10. Performance of intact and castrated beef cattle in an intensive croppasture rotation system

    Directory of Open Access Journals (Sweden)

    Tercilio Turini

    2015-07-01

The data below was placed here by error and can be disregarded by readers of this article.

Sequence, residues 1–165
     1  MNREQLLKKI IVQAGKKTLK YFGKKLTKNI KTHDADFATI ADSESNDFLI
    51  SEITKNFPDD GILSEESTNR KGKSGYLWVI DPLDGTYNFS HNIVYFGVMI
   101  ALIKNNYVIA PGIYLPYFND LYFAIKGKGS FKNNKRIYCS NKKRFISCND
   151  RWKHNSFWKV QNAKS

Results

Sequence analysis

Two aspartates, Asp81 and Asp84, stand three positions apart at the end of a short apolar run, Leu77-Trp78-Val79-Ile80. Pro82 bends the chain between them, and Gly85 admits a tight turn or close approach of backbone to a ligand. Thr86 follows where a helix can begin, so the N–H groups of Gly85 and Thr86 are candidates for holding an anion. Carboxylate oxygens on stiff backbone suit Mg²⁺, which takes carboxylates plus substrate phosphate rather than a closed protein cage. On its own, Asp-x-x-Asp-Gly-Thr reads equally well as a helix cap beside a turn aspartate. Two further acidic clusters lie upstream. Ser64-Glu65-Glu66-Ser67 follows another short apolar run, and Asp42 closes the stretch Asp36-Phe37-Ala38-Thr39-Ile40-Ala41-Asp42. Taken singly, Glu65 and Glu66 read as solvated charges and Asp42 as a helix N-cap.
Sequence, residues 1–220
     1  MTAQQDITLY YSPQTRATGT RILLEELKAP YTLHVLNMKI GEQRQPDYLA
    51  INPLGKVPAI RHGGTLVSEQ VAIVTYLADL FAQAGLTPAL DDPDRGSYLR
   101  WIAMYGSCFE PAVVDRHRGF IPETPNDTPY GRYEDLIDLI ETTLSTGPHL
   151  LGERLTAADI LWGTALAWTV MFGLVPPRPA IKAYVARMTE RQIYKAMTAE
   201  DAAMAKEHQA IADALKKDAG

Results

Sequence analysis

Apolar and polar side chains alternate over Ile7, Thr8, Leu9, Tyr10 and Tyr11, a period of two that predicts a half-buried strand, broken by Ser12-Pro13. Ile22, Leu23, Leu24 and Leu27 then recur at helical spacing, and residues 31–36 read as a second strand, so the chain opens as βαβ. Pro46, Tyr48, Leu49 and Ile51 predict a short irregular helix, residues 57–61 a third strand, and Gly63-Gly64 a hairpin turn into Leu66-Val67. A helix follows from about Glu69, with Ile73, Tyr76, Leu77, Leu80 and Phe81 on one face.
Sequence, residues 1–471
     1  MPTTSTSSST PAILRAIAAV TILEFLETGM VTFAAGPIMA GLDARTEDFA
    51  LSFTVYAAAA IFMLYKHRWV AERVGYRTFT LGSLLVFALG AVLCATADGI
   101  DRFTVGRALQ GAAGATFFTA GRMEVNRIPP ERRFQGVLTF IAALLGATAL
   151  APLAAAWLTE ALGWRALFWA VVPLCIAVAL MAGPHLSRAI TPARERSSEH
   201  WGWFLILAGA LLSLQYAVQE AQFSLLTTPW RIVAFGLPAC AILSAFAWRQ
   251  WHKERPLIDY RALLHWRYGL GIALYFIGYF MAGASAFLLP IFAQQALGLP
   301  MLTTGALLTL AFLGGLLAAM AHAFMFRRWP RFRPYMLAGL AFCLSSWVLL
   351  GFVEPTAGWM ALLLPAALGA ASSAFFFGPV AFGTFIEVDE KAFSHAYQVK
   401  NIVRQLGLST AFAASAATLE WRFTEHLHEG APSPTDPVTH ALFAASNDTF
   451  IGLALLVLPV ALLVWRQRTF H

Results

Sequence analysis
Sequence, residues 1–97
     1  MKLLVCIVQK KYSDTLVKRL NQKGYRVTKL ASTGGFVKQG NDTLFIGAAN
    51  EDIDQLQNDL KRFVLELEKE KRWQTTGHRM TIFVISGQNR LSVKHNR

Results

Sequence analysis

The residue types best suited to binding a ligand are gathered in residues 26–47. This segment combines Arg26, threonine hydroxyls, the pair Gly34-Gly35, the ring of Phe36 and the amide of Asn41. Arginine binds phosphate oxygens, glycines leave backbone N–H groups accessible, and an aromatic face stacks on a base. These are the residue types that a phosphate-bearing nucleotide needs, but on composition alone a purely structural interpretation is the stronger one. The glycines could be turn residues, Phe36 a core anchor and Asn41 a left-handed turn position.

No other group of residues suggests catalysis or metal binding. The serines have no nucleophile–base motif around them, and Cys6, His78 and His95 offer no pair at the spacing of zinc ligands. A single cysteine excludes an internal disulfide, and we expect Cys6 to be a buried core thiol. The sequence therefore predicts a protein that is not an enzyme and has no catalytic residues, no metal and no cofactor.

Full Text Available This research had as objective to evaluate the performance of intact or castrated beef cattle in a croppasture rotation system. The experiment was conducted during 2004 and 2005, and carried out at the Cooperativa Agropecuária Mourãoense (COAMO Experimental Farm, in Campo Mourão city, Paraná state. It was used a completely randomized design, with two treatments, intact or castrated. Forty ½Angus+½Nelore crossbred animals, with average age of nine months, were used. Half of the animals were castrated at weaning, and the other half was kept intact. Pasture was composed of two areas. The winter field, established after soybean crop, was composed by a mixture of black oat (Avena strigosa and Italian ryegrass (Lolium multiforum. The summer field was composed by stargrass (Cynodon nlemfuensis and Mombaça grass (Panicum maximum. During the winter time it was used a continues grazing system, with regulator animals (put and take, and during the summer an intensive rotational system, with regulator animals and fixed grazing period. Intact animals presented higher average daily weight gain (0.907 vs 0.698 kg, slaughter weight (490.9 vs 442.2 kg, and hot carcass weight (250.2 vs 232.6 kg. Slaughter age was influenced by sexual condition, being lesser in the intact animals. Carcass dressing percentage was similar for the groups. Castrated animals showed better finishing fat cover and backfat thickness (3.45 vs 2.70 mm compared to intact ones. Therefore, it can be concluded that intact animals presents better performance than castrated ones when finished in an intensive crop-pasture rotation system, however, they may not present the minimum required fat cover, when slaughter at young ages.